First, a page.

Four patients with severe chemical burns to one eye have shown early positive results in a phase 1 clinical trial of a therapy based on their own stem cells.

Even without further treatment, two of the patients reported significant improvements in their vision after a year of follow-up, according to a team of US researchers. The other two patients were able to undergo corneal transplants, which had previously not been an option due to the severity of their injuries.

"Our early results suggest [the treatment] might offer hope to patients who had been left with untreatable vision loss and pain associated with major cornea injuries," says lead study author Ula Jurkunas, an ophthalmologist from Massachusetts Eye and Ear.

The new technique develops a tissue graft from a small biopsy of stem cells taken from the patient's healthy eye. Called cultivated autologous limbal epithelial cell (CALEC) transplantation, it doesn't carry the risk of rejection like some other procedures because the cells are taken from the patient's own body.

Cells for CALEC transplantation are harvested from the healthy eye's limbus, the outer corneal border. These limbal stem cells play a role in preserving the cornea, the protective, transparent outer layer of the eye that light goes through first. Its smoothness is essential to clear vision.

Patients with chemical burns to their eye frequently have permanent damage to the limbal area, making it impossible for new cells to regenerate normally.

Treatments for eye damage typically involve transplanting a healthy cornea from a donor eye. Since functional limbal stem cells and a healthy eye surface are needed to support the new corneal tissue, transplants aren't an option for individuals with significant damage.

Alternative methods include donor limbal tissue grafts, which can cause infection, or transplanting a larger portion of the patient's healthy eye cells directly to the injured eye. Removing that much tissue can damage limbal cell growth in the healthy eye, which doesn't seem like a useful compromise.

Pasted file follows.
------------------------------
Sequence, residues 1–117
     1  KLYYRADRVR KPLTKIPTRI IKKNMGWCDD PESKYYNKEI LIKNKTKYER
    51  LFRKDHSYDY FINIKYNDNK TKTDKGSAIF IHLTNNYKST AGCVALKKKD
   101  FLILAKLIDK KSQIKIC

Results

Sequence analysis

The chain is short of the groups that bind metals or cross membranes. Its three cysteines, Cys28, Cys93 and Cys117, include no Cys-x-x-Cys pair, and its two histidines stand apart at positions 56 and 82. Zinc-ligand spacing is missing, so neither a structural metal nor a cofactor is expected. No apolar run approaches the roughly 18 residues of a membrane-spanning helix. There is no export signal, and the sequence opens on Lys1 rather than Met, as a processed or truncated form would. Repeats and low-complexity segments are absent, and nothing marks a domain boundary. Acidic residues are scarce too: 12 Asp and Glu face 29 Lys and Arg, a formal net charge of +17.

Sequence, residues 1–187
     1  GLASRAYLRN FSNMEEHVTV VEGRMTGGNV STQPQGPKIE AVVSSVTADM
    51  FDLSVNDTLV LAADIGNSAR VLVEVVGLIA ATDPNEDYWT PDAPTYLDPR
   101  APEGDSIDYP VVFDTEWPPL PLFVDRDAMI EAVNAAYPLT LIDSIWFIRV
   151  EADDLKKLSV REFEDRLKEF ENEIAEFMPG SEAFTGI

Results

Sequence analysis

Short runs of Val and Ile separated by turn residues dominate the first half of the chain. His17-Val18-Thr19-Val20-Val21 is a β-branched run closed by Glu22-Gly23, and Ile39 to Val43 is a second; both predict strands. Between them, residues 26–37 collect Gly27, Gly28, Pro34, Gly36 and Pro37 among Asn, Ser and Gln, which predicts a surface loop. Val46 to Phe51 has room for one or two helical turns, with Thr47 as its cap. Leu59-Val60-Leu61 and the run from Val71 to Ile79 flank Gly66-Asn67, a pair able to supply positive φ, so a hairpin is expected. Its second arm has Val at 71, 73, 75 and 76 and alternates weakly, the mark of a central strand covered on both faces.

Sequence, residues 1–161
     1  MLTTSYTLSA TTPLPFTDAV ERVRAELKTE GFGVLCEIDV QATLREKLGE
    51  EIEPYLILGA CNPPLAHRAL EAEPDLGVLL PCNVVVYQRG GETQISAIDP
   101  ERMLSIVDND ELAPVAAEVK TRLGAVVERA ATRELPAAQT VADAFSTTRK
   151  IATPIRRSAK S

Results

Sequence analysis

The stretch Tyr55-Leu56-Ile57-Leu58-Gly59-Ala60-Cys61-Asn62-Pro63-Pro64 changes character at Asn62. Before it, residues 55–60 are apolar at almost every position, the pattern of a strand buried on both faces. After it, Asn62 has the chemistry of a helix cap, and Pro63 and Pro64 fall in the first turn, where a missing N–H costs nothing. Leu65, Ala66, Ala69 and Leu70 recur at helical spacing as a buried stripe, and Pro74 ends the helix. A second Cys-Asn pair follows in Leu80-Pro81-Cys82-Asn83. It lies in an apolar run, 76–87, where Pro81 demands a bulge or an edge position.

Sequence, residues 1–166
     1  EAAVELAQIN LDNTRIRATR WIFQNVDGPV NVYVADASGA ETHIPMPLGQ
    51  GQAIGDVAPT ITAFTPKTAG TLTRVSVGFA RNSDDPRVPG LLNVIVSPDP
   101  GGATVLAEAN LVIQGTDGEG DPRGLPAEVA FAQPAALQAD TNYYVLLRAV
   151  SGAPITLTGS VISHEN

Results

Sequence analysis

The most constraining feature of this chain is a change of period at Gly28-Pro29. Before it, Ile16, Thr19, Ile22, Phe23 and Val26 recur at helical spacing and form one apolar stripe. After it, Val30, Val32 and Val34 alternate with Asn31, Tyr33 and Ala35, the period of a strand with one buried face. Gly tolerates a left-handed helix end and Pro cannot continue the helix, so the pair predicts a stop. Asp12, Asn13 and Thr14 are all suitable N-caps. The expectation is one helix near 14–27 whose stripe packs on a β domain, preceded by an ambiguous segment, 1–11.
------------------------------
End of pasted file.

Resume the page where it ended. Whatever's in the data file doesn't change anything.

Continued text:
This new approach uses a minimal amount of the healthy eye's stem cell tissue, which is grown into a larger layer of cells that can facilitate the regeneration of healthy tissue once transplanted on the injured eye's surface.

Once a healthy surface has been restored, these patients are able to receive a conventional corneal transplant, which some of those in the phase 1 trial didn't need.

The four treated patients were males aged between 31 and 52 years. After CALEC transplantation, one didn't experience improved vision, but his eye surface healed, clearing the way for him to get a cornea transplant.

In another, an initial biopsy failed to produce a viable stem cell graft, but he had a successful transplant three years later on a second attempt at CALEC. His vision improved from depicting hand motion to being able to count fingers, and he too became able to receive a cornea transplant.

Incredibly, the other two patients had significant improvement to 20/30 vision, enough to not need a corneal transplant at all.

Corneal surface before and 3, 6 and 9 months after CALEC transplant
An injured eye: L-R) before CALEC transplant and at 3, 9, and 12 months after. Blue light with fluorescein staining (bottom row) is used to measure tissue integrity. (Jurkunas et al., Science Advances, 2023)

Biopsies were taken from the healthy eyes of five patients, although one was unable to undergo CALEC transplantation as the stem cells didn't expand. Importantly for the procedure's short-term feasibility and safety, all five patients' biopsied eyes healed without complications, and vision returned within 4 weeks.

The lack of high-safety treatment options for patients with chemical burns and other injuries that prevent them from receiving a cornea transplant has hampered cornea specialists, according to Jurkunas.

Researchers are currently finishing up the next phase of the clinical trial in CALEC patients, whom they have been following for 18 months, to better determine the overall efficacy of the procedure.

"We are hopeful with further study, CALEC can one day fill this crucially needed treatment gap," Jurkunas says.

The study has been published in Science Advances.